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Many smokers remain unwilling or unable to make a quit attempt. For these smokers, novel strategies to induce quit attempts are necessary to achieve further reductions in smoking prevalence.
This article describes the design and methods of an ongoing nationwide telephone-based clinical trial for cessation induction, the principal aim of which is to test the hypothesis that samples of nicotine replacement therapy (NRT), can induce quit attempts among smokers otherwise unmotivated to quit.
Smokers are recruited proactively through online channels. A ‘behavioral filter’ is used to identify and separate motivated versus unmotivated smokers, the latter of whom (N = 750) are formally entered into the clinical trial. Participants are randomized to one of two treatment conditions designed to promote self-efficacy and motivation to quit: (1) practice quit attempt (PQA) or (2) PQA plus NRT sampling. The primary outcome measure tested over a 6-month follow-up is the incidence of additional quit attempts as well as hypothesized mediators of treatment effects.
This study details the challenges of identifying and treating smokers who are unmotivated to quit. Strengths include a novel treatment approach, tested among a group of proactively recruited smokers nationwide, with a unique method of identifying cessation-resistant smokers.
The omission of a true control group, testing the effect of the PQA itself, is an inherent limitation to the study design. Online recruitment presents additional study challenges, all of which are discussed in detail.
The study has translational potential to guide both clinical and policy recommendations for cessation induction. Further, while the focus is on smoking, this trial may serve as an example to researchers and clinicians who focus on other health behaviors, and who themselves are challenged with motivating people who are unmotivated for change.
Clinicians are often frustrated by patients who are resistant to health behavior change. Motivating the unmotivated can be a significant challenge, whether the problem behavior is, for example, tobacco or alcohol use, diet, exercise, or screening. Often, a clinician will rely on persuasive messaging, but in the absence of any demonstrable change, that clinician will have few other options at his or her disposal. Cigarette smoking represents a particularly entrenched behavior. Despite vast improvements in tobacco control, most smokers remain either unable or unwilling to quit. Less than 10% of smokers report wanting to quit in the immediate future , and 60% of all smokers do not make a quit attempt during any given year . For these change-resistant smokers, novel strategies are necessary for cessation induction, that is, inducing motivation to quit and quit attempts among smokers who otherwise lack both.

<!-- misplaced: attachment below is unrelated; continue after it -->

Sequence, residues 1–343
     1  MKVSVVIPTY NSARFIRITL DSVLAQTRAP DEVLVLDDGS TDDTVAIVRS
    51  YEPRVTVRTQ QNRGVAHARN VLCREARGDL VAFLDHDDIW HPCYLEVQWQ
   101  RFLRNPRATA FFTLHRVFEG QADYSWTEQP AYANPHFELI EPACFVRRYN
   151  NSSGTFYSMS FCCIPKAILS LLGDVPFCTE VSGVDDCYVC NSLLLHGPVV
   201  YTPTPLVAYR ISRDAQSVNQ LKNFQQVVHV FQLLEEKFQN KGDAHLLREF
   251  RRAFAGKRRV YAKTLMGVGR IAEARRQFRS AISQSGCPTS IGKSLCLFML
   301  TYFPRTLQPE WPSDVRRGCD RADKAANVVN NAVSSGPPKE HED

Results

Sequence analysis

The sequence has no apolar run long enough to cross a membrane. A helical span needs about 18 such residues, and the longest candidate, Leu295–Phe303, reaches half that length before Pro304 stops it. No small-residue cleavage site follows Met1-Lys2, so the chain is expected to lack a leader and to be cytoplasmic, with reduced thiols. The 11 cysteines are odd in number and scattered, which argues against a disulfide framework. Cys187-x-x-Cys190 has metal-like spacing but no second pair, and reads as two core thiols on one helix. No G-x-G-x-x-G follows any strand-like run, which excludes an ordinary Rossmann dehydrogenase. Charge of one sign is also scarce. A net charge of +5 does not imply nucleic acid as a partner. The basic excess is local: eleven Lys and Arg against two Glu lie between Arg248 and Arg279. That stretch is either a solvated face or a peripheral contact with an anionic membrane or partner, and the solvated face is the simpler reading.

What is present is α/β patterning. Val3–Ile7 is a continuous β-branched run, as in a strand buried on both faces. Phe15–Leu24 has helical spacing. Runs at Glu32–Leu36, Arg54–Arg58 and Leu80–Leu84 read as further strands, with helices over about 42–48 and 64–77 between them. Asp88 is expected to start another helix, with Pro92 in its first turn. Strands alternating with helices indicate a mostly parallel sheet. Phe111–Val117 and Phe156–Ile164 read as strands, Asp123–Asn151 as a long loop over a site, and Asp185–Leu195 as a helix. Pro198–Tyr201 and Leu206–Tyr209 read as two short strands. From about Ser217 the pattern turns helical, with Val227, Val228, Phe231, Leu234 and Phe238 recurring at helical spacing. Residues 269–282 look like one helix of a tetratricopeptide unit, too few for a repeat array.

Cessation induction trials are common in the smoking literature. Physician-delivered brief advice is an effective approach that reaches many smokers, but meta-analytic reviews suggest only modest effect sizes [3,4]. Another common approach is through interventions tied to stages of change ; that is, the idea that smokers at different stages of readiness to quit (precontemplation, contemplation, preparation, action) require different interventions. Across a number of studies, stage-based interventions have been shown to be efficacious [6–8], although two comprehensive reviews questioned the strength of data for stage-based interventions [9,10].
We believe one viable approach to prompt quitting behavior is the notion of sampling cessation medications as a means to learn more about the process of quitting. Despite strong evidence in support of nicotine replacement therapy (NRT) , many smokers have enduring misperceptions and strong misgivings about these pharmacotherapies [11–15]. Even as an over-the-counter product, under-use of NRT persists [16,17]. Several studies have shown that provision of NRT samples to smokers often enhances cessation behaviors [18–20], though these were uncontrolled studies and it is not yet entirely clear if sampling per se had any direct effect. Free patch give-away incentives to smokers engaged in a telephone quitline, who presumably may be more motivated to quit, typically yield large increases in call volume and ultimately enhance quit rates [21–23]. Whether a similar NRT sample for unmotivated smokers would have the same effect is unclear, but there is ample rationale for the notion that sampling NRT might motivate smokers towards quitting. Primarily, sampling NRT may increase self-efficacy and familiarization among smokers, particularly those who feel they cannot quit or who have never used NRT previously. A recent test of very brief sampling (i.e., one time use) of NRT demonstrated a positive shift in attitudes towards subsequent use , but did not test for subsequent effects on cessation behaviors. Thus, for smokers who are resistant to quitting, sampling NRT for short periods of time could serve as a catalyst for making a quit attempt.